Liberty, Legalism, and Love (2)1
As I said in the previous post, our approach will be to ask and then answer four questions. Continue reading . . .
As I said in the previous post, our approach will be to ask and then answer four questions.
(1) The first question to be addressed is: "Who is the weak brother?" Or again, "What constitutes weakness and strength?" Paul tells us three things about the "weak" brother or sister. First, he is a vegetarian (vv. 2,21). Second, he regards some days as having special importance (v. 5). Third, he does not drink wine (vv. 17,21).
The weak brother, then, is the one who entertains scruples on secondary matters. He has misgivings about the moral and spiritual propriety of such practices. The weak brother or sister is the one who has not sufficiently understood the truth of 1 Tim. 4:4-5; 1 Cor. 10:25-26; Rom. 14:14a. Weakness in faith, therefore, is not a failure to believe the fundamental doctrines of Christianity. It is, rather, a failure to understand the implications of such doctrine in the area of practical freedom. They had failed to grasp the truth of 1 Cor. 8:8 - "Food will not commend us to God. We are no worse off if we do not eat, and no better off if we do" (cf. Mark 7:14-15). Douglas Moo elaborates:
"Paul is not . . . simply criticizing these people for having a 'weak' or inadequate trust in Christ as their Savior and Lord. Rather, he is criticizing them for lack of insight into some of the implications of their faith in Christ. These are Christians who are not able to accept for themselves the truth that their faith in Christ implies liberation from certain OT/Jewish ritual requirements. The 'faith' with respect to which these people are 'weak', therefore, is related to their basic faith in Christ but one step removed from it. It involves their individual outworking of Christian faith, their convictions about what that faith allows and prohibits" (Romans, 836).
Paul spoke of such believers as weak for other reasons as well:
1) They feared that by partaking of certain foods and drink or participating in certain practices they would be spiritually infected in some way.
2) They believed that partaking would weaken them in their walk and perhaps expose them to even greater evils.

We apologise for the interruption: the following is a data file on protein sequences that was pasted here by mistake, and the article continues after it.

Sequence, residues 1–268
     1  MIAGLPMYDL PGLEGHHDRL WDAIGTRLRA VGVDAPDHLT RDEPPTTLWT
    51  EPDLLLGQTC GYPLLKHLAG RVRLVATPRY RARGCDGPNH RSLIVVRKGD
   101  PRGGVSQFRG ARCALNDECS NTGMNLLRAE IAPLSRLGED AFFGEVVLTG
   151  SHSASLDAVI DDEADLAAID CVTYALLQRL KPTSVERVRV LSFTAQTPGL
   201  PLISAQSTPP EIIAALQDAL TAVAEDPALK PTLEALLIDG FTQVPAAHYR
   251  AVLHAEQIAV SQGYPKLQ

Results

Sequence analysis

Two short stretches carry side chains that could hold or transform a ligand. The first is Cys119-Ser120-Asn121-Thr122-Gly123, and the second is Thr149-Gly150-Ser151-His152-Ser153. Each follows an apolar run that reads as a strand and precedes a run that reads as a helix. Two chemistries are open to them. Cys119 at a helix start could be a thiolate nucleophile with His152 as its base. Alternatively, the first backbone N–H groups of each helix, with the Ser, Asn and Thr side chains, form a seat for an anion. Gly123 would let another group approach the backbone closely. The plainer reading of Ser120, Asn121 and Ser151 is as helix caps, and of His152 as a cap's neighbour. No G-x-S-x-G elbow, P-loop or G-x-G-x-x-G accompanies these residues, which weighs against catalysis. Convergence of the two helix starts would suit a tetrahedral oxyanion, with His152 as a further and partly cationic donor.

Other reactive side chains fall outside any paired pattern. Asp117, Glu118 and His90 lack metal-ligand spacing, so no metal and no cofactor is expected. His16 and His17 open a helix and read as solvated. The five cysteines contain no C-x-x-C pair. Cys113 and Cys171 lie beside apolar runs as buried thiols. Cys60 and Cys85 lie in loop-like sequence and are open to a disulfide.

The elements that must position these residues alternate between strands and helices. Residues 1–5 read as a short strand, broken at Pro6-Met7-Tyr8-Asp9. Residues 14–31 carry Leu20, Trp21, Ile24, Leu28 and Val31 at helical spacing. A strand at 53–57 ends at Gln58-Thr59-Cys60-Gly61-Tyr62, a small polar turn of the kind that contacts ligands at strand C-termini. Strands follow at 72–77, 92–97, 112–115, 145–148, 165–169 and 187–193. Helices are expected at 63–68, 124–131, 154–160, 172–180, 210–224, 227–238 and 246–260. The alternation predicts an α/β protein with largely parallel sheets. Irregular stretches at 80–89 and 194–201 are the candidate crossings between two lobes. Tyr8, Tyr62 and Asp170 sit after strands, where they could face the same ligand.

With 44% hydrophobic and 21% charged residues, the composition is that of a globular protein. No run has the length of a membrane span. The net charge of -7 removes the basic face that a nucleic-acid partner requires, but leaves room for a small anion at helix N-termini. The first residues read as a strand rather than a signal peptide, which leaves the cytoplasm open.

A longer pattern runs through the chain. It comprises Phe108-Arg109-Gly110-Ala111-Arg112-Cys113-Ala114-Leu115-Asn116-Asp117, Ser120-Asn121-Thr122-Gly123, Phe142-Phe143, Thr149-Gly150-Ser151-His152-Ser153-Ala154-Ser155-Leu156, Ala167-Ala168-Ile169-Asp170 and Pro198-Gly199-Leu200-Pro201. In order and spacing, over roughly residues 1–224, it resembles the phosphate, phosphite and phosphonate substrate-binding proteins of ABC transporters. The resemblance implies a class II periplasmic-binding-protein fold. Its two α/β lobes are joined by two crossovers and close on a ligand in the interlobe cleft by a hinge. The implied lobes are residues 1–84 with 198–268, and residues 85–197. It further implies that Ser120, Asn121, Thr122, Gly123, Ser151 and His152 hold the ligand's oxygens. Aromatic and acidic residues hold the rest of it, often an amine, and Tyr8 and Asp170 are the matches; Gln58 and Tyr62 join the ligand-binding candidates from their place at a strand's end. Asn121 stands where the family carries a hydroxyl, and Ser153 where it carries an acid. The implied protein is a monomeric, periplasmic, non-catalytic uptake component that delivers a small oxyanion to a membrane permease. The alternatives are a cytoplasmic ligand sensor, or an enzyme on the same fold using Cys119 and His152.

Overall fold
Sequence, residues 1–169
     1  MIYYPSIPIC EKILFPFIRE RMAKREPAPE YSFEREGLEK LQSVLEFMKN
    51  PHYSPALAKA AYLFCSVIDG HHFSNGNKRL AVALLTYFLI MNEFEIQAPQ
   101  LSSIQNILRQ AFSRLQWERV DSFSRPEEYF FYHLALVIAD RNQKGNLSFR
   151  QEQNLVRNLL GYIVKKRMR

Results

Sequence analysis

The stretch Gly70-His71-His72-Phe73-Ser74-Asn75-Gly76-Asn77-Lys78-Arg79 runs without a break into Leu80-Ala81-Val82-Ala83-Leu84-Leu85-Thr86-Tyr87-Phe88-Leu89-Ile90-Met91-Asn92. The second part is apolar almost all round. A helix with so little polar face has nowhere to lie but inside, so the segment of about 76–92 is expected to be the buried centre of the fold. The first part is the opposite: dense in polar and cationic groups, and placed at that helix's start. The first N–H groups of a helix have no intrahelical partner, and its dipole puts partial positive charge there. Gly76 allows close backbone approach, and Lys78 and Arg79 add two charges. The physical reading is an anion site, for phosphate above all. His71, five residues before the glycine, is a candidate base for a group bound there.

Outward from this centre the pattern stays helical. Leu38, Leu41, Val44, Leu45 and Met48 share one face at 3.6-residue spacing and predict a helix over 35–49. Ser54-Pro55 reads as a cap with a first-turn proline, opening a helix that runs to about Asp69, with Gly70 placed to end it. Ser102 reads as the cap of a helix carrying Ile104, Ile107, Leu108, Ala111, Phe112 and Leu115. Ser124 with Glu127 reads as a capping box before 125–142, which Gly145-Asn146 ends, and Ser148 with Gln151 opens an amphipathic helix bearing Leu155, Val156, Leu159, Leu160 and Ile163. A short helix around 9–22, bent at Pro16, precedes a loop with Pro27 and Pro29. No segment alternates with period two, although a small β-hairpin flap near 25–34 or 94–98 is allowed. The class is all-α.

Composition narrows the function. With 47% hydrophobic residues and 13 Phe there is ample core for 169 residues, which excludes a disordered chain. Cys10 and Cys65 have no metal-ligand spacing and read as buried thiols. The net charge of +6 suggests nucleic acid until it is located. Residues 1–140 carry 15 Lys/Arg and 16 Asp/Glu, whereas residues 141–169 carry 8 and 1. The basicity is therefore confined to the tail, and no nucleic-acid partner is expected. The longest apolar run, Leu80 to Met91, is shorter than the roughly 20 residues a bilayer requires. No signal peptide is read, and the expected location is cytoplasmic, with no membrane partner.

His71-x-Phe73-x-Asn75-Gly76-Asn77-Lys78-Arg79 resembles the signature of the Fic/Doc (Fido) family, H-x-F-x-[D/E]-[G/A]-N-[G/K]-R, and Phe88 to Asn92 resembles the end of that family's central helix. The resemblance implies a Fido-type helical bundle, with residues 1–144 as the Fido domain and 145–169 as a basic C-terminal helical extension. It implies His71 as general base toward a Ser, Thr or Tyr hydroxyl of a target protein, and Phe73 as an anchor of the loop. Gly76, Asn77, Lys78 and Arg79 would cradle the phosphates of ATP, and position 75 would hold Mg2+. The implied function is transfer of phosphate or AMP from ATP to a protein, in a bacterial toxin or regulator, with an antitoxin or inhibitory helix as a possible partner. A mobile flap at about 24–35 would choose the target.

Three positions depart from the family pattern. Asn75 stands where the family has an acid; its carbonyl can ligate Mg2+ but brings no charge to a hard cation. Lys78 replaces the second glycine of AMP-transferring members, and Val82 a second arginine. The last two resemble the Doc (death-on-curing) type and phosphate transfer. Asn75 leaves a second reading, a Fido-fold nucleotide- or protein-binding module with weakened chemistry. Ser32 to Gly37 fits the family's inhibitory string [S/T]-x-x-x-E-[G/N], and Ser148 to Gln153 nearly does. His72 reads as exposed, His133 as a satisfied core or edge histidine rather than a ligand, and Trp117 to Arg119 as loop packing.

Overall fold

3) They believed that there was spiritual value or moral virtue in abstinence per se. To deny oneself is inherently good and to indulge oneself is inherently bad.
4) Cranfield suggests that the weak were people who, "though prone to indulge in censoriousness with regard to their fellow-Christians, were fundamentally timid [emphasis mine]. They were liable to yield to social pressure, succumbing to contempt and ridicule and falling in with the practices of their fellow-Christians, in spite of their scruples and misgivings. Their integrity as persons was at risk" (2:691).
It is important to note a major misconception about the nature of weakness, as Paul conceives it. Many have understood weakness to be synonymous with excess. The weak brother, so some have thought, is the one who can't restrain himself and is given to over-indulgence in such matters as eating and drinking. The strong are those who have the will-power to abstain and should be careful not to place before their weaker brethren an inducement to indulge their vices. NO.
"The weak of Romans 14," explains John Murray, "are not those given to excess. They are the opposite; they are total abstainers from certain articles of food. The weak addicted to excess do not abstain; they take too much" (260). Those who have a "weakness" that leads to excess or over-indulgence are dealt with in completely other terms. Paul refers to such behavior as sin. Drunkards, for example, certainly have a weakness. But it is the sort of weakness that Paul condemns (1 Cor. 6:10). But here in Rom. 14 he tells us to "welcome” the one who is weak (v. 1). Weakness in Rom. 14 is not intemperate overindulgence but overly scrupulous abstinence. Stott concludes: "So if we are trying to picture a weaker brother or sister, we must not envisage a vulnerable Christian easily overcome by temptation, but a sensitive Christian full of indecision and scruples. What the weak lack is not strength of self-control but liberty of conscience" (355).
The weak in Rome may well have been Jewish Christians whose weakness "consisted in their continuing conscientious commitment to Jewish regulations regarding diet and days" (Stott, 356). Support for this is found in Paul's use of the term koinos (v. 14) which means "common" or "unclean". This term "had become a semi-technical way of describing food prohibited under the Mosaic law (see Mark 7:2,5; Acts 10:14)" (Moo, 829-30).
We must remember that abstinence per se is not weakness. The decisive factor is one's motive for abstention. To abstain for non-religious reasons does NOT make one weak.
What, then, constitutes strength? The strong, quite simply, are those who correctly perceive the truth of 1 Tim. 4:4-5 and Rom. 14:14a. Paul was strong (cf. 15:1). The strong are those who, by reason of their knowledge of God and grace, enjoy the full range of Christian liberty without being condemned in their conscience.
In the next article we’ll take up the second and third of our four questions.